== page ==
And within the party, there is an undeniable effort to cut Rochas Okorocha, the former governor of Imo, to size.

Party chairman, Adams Oshiomhole started the moves by denying Okorocha his preferred candidates at the recently concluded governorship election in Imo and in the process, ensuring he loses his political base.

So far, attempts to squeeze him out of reckoning for the 2023 presidential election seem to be working. But it has come at the expense of the Imo governorship seat for the APC.

In fact, party is without doubt succeeding in closing the door to any possibility of a southeast candidacy for the presidency in 2023.

Going by the kind of contentious primaries APC held to elect candidates to run for governor and the National Assembly seats last year, it is more likely that actions of party are what could split the party

The same cannot be done to Governor el-Rufai of Kaduna. There is even a rivalry building up between him and Tinubu with aides of the former governor of Lagos accusing an unnamed politician from Kaduna of trying to tarnish Tinubu’s image, set him up against and then split the party ahead of 2023.

Going by the kind of contentious primaries APC held to elect candidates to run for governor and the National Assembly seats last year, it is more likely that actions of party are what could split the party.

At the presidential primary for the APC ticket, no one was courageous enough to challenge the president.

Ironically, it was the opposition PDP, which has a reputation for imposing candidates that allowed a free and open contest to determine its flag bearer for this year’s presidential election.

With the stakes so high and the number of political heavy weights contesting for the ticket, anything less than fair play would have doomed PDP’s chances of reclaiming the presidency months before the first votes were cast.

In the end, it succeeded in putting up a good fight at the election only because it held primaries that was fair to all.

The opposite was the case back in 2015. The PDP simply refused to sell nomination forms to anyone seeking to challenge Goodluck Jonathan.

The prelude to that was the marginalisation of several of its governors within the party. It cost the party the presidential election.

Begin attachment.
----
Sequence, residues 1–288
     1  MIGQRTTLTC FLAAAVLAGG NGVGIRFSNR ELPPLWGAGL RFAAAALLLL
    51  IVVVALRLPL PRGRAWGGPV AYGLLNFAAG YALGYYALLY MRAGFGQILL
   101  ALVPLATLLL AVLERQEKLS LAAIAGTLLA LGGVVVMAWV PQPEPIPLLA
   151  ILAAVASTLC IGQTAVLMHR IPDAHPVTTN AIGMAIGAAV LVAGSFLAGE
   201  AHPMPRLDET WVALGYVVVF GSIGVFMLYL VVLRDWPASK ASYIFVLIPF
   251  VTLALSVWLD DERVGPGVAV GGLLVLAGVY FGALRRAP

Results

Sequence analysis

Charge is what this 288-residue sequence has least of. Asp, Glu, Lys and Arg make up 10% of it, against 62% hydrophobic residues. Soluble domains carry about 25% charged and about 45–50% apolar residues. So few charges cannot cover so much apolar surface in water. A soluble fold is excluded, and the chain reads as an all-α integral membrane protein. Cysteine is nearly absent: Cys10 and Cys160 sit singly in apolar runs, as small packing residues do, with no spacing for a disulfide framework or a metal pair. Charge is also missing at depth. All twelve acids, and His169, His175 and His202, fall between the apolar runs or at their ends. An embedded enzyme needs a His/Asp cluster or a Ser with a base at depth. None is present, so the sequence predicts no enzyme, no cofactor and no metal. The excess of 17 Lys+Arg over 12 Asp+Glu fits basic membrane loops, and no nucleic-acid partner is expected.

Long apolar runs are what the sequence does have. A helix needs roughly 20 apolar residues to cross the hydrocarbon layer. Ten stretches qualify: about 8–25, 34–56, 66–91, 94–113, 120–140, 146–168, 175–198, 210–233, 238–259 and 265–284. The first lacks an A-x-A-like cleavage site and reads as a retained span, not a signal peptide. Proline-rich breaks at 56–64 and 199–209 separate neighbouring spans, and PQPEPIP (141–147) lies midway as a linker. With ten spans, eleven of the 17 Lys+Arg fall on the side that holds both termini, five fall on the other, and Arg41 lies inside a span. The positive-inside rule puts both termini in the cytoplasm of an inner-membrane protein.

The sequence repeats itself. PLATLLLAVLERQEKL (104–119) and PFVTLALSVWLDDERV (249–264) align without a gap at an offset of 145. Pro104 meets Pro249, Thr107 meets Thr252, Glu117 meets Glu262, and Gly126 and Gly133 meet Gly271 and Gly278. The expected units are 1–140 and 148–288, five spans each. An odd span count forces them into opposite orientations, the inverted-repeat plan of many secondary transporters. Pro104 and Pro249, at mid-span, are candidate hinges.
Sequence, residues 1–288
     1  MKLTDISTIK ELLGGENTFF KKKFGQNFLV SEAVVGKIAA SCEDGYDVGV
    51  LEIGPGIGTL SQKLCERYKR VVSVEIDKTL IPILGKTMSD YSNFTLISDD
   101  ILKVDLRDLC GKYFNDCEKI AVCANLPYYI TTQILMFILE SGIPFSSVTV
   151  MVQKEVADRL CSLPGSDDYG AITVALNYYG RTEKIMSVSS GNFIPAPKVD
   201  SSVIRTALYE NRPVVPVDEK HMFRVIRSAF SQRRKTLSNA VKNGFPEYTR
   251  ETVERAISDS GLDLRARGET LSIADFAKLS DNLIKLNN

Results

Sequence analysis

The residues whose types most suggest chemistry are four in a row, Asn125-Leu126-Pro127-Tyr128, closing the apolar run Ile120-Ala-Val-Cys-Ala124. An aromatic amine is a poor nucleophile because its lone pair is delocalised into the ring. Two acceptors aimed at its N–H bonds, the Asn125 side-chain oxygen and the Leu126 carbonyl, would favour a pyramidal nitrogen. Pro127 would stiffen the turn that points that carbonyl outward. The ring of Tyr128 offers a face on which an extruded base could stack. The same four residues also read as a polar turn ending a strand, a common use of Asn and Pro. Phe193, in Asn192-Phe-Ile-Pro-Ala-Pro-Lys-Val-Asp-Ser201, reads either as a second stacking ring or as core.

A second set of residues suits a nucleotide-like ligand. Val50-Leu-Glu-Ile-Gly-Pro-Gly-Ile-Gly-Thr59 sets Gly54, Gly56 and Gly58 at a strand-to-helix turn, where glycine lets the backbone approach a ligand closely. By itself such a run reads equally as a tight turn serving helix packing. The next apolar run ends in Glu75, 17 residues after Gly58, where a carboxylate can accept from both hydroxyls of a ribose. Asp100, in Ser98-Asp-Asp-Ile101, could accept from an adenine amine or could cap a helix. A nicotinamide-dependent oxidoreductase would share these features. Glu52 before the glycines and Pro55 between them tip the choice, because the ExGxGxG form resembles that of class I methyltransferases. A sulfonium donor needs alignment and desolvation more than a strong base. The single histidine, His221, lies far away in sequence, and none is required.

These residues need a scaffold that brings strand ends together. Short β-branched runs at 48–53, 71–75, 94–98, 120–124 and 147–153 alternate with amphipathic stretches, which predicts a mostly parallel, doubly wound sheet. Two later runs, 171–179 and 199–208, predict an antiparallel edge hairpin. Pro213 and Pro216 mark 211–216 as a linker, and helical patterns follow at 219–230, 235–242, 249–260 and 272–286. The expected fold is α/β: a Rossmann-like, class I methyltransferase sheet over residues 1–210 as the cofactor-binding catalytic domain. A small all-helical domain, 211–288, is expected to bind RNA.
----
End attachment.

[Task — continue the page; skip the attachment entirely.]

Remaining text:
And before joining the newly formed APC, former Vice President Atiku Ababakar had one condition, that he would be allowed to contest for the party’s presidential ticket in a free and transparent process.

Though he eventually lost to Muhammadu Buhari, that was exactly what he got; an opportunity to vie for the ticket in a fair and transparent manner.

And again, when Atiku chose to rejoin the PDP before the 2019 election, he got the same commitment and opportunity of a fair contest to represent the party despite coming from the outside.

Looking ahead to the next presidential election, the question is no longer about whether Adams Oshiomhole has the track record and the democratic credentials to preside over free and open primary process, without interfering or working to impose his preferred candidate.

Beyond the party chairman, whose political doctrine seems to align with that of Obasanjo but is obviously at odds with President Buhari’s, what is already shaping the politics of 2023 is the stand the president has taken by stating he has no plans to groom or name a successor

In such a high stake game, his unwillingness to be an unbiased referee could reduce the chances of the APC retaining the presidency.

His actions in 2019 led to losses in the governorship seats in Zamfara, Adamawa, Taraba and Imo. Miraculously, the party survived his interference in Ogun.

But beyond the party chairman, whose political doctrine seems to align with that of Obasanjo but is obviously at odds with President Buhari’s, what is already shaping the politics of 2023 is the stand the president has taken by stating he has no plans to groom or name a successor.

Even at the state level, this is not something many departing governors have the courage to do. And in the last election, there isn’t one state where Buhari imposed a governor on citizens.

That is reason to believe he could do the same with the presidency. So, the question now is; whose position will carry the day, Buhari promising an open contest or Oshiomhole’s preference of a closed political space?

Written by Shuaib Shuaib

Shuaibu, a former Editor of the LEADERSHIP Newspapers, is based in Abuja.